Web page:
9. on 23 Feb 2007 at 3:34 pmDave


    Regarding the first premise, that same-sex marriage in some way undermines traditional marriage, a credible argument is made by Prof. Margaret Somerville in an article I’ve already cited on another thread – see my post at

    If you actually read through it, you will find that it is very thoughtfully considered and in no way bigoted or homophobic. Indeed, she actually advocates on behalf of some type of civil partnership to be legally recognized, as long as it is not equivalent to marriage itself. If you have an open-mind on this subject you should at least give her remarks a fair hearing.

  10. on 24 Feb 2007 at 11:53 pmNaCN


    In your drive-by postings you never fail to take pot shots and then run away from challenges. Now you have the audacity to claim “I am so tired of this whole debate,” while again taking cheap shots. Forgive me if I feel no sympathy.

    You claim that the premise that same-sex ‘marriage’ undermines marriage is “just silly” and that you “have yet to see a piece of evidence or a coherent argument in its favor.” This goes more to your unwillingness to engage in debate than to the evidence or the arguments. (I suspect it also indicates limited reading or a closed mind on your part.) Every time I have challenged you to put out your rationale for debate, as I have mine, you evade. As I have already said at, if your rationale cannot stand scrutiny you do yourself no favor by clinging to it. If you have the intellectual integrity to meet the challenge, kindly step up to the plate. At the very least, spare us your “I’m so tired” story.

  11. on 25 Feb 2007 at 6:52 ammatt

    NACN, don’t be so dour.

    Simon isn’t here to have some sort of male-appendage-waving contest with you, he’s coming here because it’s a bit of fun.

    I know you expect that everyone’s memorized everything you’ve said and that we’re all being intellectually dishonest by not “engaging” in whatever demand you’re making in this or that thread, but to be frank I can’t even keep you guys straight in my mind, except for Annie ‘cos she had an abortion.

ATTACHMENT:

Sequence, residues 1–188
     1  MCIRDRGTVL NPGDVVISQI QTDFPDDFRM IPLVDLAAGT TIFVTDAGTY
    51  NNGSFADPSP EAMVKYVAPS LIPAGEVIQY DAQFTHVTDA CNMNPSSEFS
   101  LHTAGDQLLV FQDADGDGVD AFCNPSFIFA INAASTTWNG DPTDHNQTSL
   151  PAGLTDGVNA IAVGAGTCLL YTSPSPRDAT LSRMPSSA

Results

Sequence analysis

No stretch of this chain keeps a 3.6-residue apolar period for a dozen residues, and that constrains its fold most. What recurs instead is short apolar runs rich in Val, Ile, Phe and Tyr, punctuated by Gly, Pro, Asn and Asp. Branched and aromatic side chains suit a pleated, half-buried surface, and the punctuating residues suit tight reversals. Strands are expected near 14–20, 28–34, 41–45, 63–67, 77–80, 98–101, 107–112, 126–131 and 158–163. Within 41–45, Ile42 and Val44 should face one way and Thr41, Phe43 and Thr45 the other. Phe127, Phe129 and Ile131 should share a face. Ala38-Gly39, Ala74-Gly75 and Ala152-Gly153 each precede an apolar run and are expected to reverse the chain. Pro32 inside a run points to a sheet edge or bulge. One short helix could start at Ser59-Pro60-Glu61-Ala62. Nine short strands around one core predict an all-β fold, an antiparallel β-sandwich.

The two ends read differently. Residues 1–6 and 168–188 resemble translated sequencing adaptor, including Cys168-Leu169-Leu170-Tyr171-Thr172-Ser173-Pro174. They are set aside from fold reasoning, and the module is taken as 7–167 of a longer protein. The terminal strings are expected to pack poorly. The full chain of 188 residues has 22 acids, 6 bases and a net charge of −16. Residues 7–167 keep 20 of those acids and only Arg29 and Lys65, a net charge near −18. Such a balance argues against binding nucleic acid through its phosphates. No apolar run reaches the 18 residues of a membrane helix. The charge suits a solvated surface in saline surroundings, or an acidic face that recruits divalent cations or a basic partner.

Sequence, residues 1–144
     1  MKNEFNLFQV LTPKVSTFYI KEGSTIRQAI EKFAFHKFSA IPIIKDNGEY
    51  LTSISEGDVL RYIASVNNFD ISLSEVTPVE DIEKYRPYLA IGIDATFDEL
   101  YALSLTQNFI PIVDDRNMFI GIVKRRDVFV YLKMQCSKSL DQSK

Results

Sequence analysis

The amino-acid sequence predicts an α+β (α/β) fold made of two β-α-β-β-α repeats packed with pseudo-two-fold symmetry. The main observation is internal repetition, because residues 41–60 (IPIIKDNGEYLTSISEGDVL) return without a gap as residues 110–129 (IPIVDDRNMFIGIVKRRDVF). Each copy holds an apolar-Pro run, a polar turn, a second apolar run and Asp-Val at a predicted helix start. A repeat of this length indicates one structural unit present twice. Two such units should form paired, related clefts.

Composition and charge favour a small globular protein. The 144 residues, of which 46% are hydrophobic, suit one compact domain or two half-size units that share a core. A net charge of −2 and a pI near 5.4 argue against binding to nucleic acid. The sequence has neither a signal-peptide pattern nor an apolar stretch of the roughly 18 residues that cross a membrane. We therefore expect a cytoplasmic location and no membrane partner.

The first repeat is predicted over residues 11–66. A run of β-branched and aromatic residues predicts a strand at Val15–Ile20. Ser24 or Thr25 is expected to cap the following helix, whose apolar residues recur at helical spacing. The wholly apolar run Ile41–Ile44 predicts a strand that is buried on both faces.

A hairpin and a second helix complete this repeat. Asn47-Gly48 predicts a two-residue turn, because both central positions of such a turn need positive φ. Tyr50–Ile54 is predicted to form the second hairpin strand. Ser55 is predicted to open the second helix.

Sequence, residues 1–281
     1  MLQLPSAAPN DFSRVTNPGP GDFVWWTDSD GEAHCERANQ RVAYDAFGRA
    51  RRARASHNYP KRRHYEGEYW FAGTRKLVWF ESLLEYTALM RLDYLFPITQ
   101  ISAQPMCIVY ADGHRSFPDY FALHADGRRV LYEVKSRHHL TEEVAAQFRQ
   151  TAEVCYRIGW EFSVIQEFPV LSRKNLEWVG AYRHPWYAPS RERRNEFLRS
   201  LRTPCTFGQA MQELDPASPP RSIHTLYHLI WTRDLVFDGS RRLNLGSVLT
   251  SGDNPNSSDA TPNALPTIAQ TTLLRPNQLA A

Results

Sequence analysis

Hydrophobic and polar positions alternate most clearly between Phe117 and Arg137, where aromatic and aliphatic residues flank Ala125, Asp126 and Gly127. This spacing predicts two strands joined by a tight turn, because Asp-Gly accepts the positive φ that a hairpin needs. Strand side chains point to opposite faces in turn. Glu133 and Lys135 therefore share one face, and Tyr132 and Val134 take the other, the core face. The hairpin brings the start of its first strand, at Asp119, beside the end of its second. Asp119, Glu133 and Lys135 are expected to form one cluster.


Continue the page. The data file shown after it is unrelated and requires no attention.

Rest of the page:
Take it in stride, homeboy. Peter posts, the kids all react, and then a new day starts the process all over. Frankly very little of my day is spent thinking about gay marriage and abortion, and I think I can speak for the progressives who make up 75% of the blog’s readership that your prior requests to duel or whatever it was are long forgotten before you can even warm up the outrage machine for another round.

    [Last two sentences removed by moderator]

  12. on 25 Feb 2007 at 8:42 amPeter


    I’ve let hundreds of critical comments get posted without edit and some of the humorous ones are among my favorites. But I draw the line at pornographic imagery.

    Note to our opponents: Debate us to your heart’s content but keep it clean. Thanks.

  13. on 25 Feb 2007 at 9:08 ammatt

    No worries, Peter 🙂

    For those curious, it was an homage to Pastor Ted Haggard, before his recent “re-certification.” And it probably did go somewhat over the line.

  14. on 25 Feb 2007 at 10:11 amGabe

    Peter –

    Is that a precedent?

  15. on 25 Feb 2007 at 12:10 pmPeter

    Yes, it’s the first time I’ve ever edited someone’s comment. I’ll post some general commenting guidelines later this week.

  16. on 25 Feb 2007 at 1:07 pmGabe

    Peter – That was snark. See the post(s) about non-binding referenda…

  17. on 26 Feb 2007 at 11:07 pmNaCN


    I agree that most of the posts from your side of the aisle generally are innocuous and do not merit much effort in response. However, from time to time one of your cohort (like Simon) posts something that actually attempts to persuade the reader. If they are persuasive writers (and some few are), them I engage them to point out their sophistry, their malformed logic, their omission of key facts, and so forth. I do this for two reasons. First, there is always the possibility, however remote, that I can actually get them to think about things in a new way and, if they do not fully agree, at least acknowledge that they may not be absolutely correct. Second, I don’t like to see falsehoods go unchallenged because they could mislead that rare reader who has not made up his or her mind.

    No, I don’t expect “that everyone’s memorized everything [I’ve] said,” but I do expect that Simon remembers the thumpin’ he got. No, I don’t believe that your cohort are “all being intellectually dishonest by not ‘engaging,'” but I do believe that of Simon.

    PS: You refer to me as “homeboy” and as engaging in a “male-appendage-waving contest.” I have never specified my gender in my posts. What makes you think I am a male? Seriously, what?

  18. on 27 Feb 2007 at 3:32 pmSimon

    No disrespect, but I find it comical that you actually think you gave me a “thumpin.'”

    I suspect that you mistake my silence as a concession or an unwillingness to engage in debate. Honestly, I don’t know where you guys find the time. Are you in staff? You post these comments with 15 points to respond to that direct me to papers to read. I have a time consuming job, two children and more responsibilities in my church and community than I can handle.

    I come here and post when I can. I am glad that I make you feel smart for outing my “sophistry” (which by the way is an absurd claim).